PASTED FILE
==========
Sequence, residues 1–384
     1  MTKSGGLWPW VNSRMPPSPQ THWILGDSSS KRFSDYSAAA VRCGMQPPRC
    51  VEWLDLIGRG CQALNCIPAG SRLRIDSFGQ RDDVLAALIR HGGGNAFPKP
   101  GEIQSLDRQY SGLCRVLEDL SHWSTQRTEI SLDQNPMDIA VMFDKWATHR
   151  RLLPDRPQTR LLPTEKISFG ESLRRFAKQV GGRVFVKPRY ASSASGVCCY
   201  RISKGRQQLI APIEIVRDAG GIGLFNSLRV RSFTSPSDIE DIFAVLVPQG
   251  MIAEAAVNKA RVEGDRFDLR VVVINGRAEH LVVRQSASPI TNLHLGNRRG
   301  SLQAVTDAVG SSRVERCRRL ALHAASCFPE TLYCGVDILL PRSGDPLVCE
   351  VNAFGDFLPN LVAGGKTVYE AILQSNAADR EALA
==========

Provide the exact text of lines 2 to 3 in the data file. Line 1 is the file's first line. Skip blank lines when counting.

     1  MTKSGGLWPW VNSRMPPSPQ THWILGDSSS KRFSDYSAAA VRCGMQPPRC
    51  VEWLDLIGRG CQALNCIPAG SRLRIDSFGQ RDDVLAALIR HGGGNAFPKP